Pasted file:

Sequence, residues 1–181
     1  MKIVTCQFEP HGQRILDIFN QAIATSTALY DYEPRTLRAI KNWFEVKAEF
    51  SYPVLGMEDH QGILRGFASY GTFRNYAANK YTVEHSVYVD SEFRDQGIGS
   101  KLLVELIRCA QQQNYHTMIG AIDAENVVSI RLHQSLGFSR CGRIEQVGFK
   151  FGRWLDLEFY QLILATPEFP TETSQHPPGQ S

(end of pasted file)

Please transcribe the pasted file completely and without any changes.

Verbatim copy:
Sequence, residues 1–181
     1  MKIVTCQFEP HGQRILDIFN QAIATSTALY DYEPRTLRAI KNWFEVKAEF
    51  SYPVLGMEDH QGILRGFASY GTFRNYAANK YTVEHSVYVD SEFRDQGIGS
   101  KLLVELIRCA QQQNYHTMIG AIDAENVVSI RLHQSLGFSR CGRIEQVGFK
   151  FGRWLDLEFY QLILATPEFP TETSQHPPGQ S